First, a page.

How many side hinged sliders have YOU seen? I never seen any.


  14. #14
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    Default Re: residential exit

    Quote Originally Posted by jim baird View Post
    How many side hinged sliders have YOU seen? I never seen any.
    "Side hinged sliders" seems like an oxymoron at first glance, but ...

    ... I'm sure that you've seen lots of "side hinged sliders" but didn't pay attention to what you were looking at.

    Every Big Box and other store with slider doors ... there will be a sign on them stating "In case of emergency PUSH".

    Those sliders are side hinged.

    Jerry Peck, Construction / Litigation Consultant
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  15. #15
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    Default Re: residential exit

    Quote Originally Posted by Jerry Peck View Post
    "Side hinged sliders" seems like an oxymoron at first glance, but ...

    ... I'm sure that you've seen lots of "side hinged sliders" but didn't pay attention to what you were looking at.

    Every Big Box and other store with slider doors ... there will be a sign on them stating "In case of emergency PUSH".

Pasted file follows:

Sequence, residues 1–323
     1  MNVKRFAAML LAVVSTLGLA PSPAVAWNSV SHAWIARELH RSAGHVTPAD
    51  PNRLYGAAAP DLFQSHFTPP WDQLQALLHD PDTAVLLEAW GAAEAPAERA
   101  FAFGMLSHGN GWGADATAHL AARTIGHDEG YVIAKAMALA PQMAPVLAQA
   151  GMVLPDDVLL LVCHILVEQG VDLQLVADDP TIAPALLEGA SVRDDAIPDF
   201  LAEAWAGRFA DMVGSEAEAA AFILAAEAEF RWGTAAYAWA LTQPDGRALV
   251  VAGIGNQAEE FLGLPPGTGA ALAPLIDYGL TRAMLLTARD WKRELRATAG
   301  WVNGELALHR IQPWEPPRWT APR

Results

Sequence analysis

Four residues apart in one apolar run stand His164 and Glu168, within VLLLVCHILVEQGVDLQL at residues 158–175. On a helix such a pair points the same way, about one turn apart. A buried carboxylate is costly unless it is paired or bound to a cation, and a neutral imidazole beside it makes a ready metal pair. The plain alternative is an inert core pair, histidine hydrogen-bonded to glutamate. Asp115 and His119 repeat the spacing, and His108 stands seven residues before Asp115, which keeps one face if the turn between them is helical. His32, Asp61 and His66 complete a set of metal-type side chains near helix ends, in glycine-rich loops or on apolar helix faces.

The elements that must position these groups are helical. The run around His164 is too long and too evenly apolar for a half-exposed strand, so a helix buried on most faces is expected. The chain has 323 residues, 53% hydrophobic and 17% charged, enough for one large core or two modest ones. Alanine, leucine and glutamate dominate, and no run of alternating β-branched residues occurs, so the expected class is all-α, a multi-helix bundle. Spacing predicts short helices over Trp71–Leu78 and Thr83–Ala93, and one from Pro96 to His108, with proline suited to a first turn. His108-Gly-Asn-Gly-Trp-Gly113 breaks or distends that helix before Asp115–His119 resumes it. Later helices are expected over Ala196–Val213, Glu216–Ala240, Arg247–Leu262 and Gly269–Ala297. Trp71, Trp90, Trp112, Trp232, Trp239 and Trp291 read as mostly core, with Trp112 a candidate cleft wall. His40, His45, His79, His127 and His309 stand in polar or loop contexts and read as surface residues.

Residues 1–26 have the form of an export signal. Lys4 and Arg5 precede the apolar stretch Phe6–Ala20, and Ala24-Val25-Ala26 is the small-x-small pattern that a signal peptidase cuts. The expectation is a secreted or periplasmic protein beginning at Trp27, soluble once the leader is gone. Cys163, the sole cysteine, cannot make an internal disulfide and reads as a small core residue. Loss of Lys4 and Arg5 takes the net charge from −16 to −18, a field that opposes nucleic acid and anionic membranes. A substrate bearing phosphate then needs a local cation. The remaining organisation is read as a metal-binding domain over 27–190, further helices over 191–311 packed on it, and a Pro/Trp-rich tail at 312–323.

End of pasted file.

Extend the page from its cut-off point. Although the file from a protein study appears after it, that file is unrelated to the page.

Those sliders are side hinged.

    Links?

    Some window makers put egress stickers on their product. Do these you mention say they meet anyone's code as "exit"?

    - - - Updated - - -


  16. #16
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    Default Re: residential exit

    Quote Originally Posted by jim baird View Post
    Links?

    Some window makers put egress stickers on their product. Do these you mention say they meet anyone's code as "exit"?
    Here is a video, notice the "In Emergency Push Open" on the door. The video does not show the "push open" function: https://www.youtube.com/watch?v=jXNIIk56FyE

    This video shows the push open function: https://www.youtube.com/watch?v=RHrhqHh2N8Q